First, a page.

377A : Singapore To Repeal Law The Colonial-era Law That Criminalize Sex Between Men

377a : Singapore to repeal law that criminalise sex between men
The repeal of section 377A was hailed by LGBTQ+ rights groups as ‘a win for humanity’. 
The city state of Singapore announced Sunday that it will decriminalize sex between men by repealing a colonial-era law, while at the same time protecting its traditional norms and marriage definition. At the annual National Day Rally, Prime Minister Lee Hsien Loong said he believes it is the “right thing to do now” since most Singaporeans will now accept it.


Private sexual behavior between consenting adults does not raise any law and order issue. There is no justification to prosecute people for it nor to make it a crime. This will bring the law into line with current social mores and I hope provide some relief to gay Singaporeans.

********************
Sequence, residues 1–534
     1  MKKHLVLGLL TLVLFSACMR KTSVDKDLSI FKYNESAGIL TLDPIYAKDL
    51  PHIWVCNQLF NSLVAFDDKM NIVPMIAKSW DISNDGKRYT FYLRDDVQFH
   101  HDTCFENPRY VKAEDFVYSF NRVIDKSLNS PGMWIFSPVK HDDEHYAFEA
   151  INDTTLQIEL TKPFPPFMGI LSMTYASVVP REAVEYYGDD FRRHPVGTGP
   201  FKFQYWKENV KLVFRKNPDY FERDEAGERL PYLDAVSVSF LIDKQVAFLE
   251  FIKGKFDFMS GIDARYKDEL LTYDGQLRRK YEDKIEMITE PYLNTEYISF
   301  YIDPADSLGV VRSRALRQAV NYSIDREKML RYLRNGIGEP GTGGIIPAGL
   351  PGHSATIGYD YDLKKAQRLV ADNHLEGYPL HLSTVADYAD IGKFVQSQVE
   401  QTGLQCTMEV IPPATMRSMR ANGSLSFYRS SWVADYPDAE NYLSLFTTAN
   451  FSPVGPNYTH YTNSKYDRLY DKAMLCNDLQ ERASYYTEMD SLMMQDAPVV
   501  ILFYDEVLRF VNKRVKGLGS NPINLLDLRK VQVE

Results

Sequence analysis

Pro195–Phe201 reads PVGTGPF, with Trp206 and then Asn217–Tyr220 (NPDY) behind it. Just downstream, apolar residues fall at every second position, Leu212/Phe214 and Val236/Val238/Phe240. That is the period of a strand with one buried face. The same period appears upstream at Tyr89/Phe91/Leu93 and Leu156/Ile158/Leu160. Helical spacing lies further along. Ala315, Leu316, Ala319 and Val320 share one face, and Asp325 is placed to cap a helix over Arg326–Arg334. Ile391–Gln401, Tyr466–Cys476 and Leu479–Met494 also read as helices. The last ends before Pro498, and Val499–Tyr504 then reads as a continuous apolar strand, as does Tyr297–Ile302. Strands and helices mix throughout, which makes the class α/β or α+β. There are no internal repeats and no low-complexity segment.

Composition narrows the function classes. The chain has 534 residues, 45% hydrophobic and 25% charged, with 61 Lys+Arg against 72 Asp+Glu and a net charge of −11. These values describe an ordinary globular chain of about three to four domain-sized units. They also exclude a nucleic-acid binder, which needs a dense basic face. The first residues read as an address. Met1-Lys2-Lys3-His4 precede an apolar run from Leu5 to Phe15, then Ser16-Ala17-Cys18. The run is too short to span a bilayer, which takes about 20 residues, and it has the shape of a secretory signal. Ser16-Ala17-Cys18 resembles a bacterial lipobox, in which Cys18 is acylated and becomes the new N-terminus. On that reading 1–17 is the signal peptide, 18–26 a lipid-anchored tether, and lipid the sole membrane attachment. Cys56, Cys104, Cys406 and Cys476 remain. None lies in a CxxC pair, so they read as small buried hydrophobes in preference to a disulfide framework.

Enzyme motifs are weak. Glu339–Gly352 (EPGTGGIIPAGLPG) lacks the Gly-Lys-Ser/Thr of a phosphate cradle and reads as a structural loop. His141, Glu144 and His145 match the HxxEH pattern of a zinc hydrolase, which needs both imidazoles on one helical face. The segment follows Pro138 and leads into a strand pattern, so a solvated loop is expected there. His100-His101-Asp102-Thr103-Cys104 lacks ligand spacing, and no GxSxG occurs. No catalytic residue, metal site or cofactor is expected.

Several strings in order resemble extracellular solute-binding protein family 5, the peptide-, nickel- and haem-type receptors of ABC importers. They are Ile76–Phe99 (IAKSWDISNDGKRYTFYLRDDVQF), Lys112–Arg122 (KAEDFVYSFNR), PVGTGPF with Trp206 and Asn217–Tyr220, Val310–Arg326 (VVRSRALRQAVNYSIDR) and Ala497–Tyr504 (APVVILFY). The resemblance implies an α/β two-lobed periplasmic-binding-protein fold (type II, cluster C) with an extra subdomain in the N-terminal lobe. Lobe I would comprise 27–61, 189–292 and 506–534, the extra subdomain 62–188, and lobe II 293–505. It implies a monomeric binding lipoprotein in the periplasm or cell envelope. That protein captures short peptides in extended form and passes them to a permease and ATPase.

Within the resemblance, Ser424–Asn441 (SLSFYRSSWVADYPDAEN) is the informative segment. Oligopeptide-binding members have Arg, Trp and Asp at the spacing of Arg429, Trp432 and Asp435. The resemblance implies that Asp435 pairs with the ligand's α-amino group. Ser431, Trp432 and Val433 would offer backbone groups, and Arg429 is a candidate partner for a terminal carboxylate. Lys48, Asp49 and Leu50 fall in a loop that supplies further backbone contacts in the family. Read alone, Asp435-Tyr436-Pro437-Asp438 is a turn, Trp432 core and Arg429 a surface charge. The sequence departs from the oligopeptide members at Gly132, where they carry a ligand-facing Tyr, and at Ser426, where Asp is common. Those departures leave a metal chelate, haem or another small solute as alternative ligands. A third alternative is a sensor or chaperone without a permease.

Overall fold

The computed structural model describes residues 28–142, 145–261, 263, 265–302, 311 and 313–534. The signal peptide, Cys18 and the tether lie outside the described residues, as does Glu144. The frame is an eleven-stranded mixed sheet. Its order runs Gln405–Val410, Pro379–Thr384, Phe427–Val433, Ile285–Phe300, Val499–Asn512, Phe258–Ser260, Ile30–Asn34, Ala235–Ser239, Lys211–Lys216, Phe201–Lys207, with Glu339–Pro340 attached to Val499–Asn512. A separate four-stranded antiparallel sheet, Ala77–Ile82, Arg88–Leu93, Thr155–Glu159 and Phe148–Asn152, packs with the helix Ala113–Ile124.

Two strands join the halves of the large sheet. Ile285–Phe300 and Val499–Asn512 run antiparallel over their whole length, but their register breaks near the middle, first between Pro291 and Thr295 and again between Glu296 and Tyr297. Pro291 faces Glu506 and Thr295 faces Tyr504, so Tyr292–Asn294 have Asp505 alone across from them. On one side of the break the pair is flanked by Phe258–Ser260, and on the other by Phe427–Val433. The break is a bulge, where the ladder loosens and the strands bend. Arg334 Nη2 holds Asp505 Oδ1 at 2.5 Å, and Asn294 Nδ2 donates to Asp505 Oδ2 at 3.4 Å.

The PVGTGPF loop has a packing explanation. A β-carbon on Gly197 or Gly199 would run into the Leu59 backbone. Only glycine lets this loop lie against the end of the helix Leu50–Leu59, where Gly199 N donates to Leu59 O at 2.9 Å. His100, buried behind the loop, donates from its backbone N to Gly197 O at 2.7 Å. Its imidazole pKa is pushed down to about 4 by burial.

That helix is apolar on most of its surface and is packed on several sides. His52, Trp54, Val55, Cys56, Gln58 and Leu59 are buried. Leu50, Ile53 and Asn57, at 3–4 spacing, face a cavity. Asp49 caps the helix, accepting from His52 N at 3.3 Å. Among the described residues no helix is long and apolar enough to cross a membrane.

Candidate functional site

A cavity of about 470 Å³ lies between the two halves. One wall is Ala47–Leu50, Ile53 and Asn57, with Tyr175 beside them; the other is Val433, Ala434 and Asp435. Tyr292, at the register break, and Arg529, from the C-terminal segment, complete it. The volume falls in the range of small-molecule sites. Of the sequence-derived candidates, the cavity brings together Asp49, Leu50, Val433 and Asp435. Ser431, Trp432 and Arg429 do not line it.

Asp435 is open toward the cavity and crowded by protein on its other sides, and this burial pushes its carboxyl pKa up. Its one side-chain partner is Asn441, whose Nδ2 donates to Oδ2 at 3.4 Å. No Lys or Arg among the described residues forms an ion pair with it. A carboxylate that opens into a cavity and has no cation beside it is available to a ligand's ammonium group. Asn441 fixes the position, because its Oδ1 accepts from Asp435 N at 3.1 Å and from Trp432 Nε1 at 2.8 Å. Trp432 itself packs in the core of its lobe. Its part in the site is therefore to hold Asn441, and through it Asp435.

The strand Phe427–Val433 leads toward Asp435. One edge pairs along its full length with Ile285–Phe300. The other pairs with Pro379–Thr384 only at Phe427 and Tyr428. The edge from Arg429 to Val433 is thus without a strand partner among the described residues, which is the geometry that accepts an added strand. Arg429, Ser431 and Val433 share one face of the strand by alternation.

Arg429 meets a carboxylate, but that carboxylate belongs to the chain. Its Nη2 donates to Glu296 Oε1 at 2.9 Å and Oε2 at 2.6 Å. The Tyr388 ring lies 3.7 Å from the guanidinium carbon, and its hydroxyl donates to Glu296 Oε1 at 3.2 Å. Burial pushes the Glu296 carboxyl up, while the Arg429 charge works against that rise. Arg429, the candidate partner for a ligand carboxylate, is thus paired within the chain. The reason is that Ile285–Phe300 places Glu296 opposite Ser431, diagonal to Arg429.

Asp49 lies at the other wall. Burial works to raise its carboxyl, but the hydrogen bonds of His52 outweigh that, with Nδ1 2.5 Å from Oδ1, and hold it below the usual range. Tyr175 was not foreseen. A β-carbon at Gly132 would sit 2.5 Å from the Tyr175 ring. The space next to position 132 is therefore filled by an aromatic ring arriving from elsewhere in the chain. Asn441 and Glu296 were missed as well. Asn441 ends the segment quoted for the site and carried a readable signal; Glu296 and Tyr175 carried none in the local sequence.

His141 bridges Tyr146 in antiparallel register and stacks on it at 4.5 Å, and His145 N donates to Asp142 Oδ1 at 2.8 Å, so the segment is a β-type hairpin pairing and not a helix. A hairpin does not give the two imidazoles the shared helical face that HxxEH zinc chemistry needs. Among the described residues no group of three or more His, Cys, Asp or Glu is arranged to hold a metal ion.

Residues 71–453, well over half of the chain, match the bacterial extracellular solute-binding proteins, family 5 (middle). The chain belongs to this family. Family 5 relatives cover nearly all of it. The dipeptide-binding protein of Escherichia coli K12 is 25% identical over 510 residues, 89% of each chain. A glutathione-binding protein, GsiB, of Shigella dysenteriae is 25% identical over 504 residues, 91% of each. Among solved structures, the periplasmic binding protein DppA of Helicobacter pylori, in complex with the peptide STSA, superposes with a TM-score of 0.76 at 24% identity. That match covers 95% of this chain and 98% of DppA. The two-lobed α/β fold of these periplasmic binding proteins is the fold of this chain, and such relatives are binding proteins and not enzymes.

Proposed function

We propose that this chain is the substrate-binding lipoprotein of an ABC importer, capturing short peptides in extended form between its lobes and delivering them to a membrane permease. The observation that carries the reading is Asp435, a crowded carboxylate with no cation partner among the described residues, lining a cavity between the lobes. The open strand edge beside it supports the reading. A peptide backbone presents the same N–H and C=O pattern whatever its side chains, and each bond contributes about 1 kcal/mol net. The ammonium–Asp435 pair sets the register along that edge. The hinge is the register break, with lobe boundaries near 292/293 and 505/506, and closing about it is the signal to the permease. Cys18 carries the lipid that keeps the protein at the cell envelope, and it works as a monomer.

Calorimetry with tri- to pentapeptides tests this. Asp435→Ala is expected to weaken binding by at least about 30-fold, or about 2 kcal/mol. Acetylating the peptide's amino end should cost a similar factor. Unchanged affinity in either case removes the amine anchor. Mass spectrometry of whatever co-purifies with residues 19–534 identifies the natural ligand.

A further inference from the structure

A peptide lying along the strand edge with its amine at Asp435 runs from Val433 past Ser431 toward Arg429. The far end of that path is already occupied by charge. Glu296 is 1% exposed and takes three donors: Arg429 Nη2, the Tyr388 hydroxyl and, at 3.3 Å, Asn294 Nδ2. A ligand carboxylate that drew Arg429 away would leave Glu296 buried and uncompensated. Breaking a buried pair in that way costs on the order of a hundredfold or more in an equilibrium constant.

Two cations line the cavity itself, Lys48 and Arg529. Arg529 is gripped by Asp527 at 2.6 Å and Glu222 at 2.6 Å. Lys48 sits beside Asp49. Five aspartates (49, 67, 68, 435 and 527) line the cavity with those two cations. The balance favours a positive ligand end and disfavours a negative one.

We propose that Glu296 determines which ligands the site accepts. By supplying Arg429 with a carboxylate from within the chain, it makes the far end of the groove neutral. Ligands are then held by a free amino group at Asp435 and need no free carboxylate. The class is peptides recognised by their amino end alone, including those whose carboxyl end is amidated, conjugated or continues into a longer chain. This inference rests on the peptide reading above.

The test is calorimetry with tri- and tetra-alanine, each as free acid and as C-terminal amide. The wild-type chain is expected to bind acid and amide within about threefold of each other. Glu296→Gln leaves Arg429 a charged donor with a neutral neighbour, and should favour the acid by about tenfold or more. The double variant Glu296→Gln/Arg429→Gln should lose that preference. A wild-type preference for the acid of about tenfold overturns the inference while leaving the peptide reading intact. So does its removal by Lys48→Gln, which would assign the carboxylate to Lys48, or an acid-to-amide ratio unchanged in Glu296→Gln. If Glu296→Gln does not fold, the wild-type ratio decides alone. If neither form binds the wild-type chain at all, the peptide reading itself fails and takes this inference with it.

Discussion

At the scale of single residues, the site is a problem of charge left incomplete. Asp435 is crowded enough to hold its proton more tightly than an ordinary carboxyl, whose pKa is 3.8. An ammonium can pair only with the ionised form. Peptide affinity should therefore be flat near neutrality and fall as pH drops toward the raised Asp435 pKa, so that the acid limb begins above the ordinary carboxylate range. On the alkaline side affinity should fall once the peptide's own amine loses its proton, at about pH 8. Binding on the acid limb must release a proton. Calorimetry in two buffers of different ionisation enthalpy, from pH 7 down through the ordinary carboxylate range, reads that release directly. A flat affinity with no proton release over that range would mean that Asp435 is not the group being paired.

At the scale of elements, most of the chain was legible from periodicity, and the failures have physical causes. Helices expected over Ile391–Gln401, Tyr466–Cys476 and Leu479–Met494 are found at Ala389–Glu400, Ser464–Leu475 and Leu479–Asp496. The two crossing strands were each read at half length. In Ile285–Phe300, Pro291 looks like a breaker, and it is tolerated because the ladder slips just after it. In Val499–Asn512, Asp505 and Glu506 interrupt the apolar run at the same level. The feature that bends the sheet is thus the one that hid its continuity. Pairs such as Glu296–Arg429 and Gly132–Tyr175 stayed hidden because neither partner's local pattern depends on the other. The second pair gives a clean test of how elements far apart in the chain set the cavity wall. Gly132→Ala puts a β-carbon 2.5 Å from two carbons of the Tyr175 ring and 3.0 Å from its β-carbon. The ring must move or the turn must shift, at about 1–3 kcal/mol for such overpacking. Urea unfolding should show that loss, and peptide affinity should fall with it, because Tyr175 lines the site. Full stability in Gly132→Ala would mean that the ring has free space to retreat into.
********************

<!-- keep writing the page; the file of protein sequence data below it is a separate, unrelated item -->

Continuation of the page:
Colonial-Era Law That Criminalise Sex Between Men

During British colonial rule in the 1930s, section 377A of the Penal Code was introduced. British rule over the island ended in 1963 when Singapore became a state of Malaysia. After becoming independent two years later, it retained the Penal Code, which made sex between men punishable by up to two years in prison.
Since 2007 when Parliament last debated whether to repeal Section 377A, its position was to keep the law but not enforce it. The law, however, is regarded as a burden and discriminates against gay men. Thousands of activists annually stage a rally in the city-state known as the “Pink Dot” in support of the LGBTQ community.
Thanks to LGBTQ community groups, constitutional challenge leaders, activists, allies and stakeholders who paved the way. Despite the progress made, let’s also remember the collective pain that the community has endured to reach this point. Not over yet. But we look forward to a better, more equitable, and more sustainable future. Majulah Singapura.